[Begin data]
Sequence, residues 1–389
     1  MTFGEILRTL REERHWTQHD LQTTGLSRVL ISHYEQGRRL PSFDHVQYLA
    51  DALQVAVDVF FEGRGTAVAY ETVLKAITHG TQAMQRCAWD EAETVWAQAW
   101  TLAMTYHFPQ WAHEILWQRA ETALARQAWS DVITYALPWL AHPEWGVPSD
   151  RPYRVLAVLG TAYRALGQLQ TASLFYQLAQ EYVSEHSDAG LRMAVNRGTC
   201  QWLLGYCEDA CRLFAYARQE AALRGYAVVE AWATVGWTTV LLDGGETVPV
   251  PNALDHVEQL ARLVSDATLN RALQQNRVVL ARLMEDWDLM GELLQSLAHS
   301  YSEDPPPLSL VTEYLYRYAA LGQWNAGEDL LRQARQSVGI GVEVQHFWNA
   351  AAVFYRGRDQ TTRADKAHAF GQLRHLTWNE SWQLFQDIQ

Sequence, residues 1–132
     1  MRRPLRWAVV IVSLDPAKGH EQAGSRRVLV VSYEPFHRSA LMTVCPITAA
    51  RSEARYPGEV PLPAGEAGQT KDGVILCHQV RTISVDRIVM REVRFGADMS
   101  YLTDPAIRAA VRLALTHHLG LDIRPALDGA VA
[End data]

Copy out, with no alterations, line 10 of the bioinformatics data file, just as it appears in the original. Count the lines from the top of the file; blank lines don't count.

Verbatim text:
Sequence, residues 1–132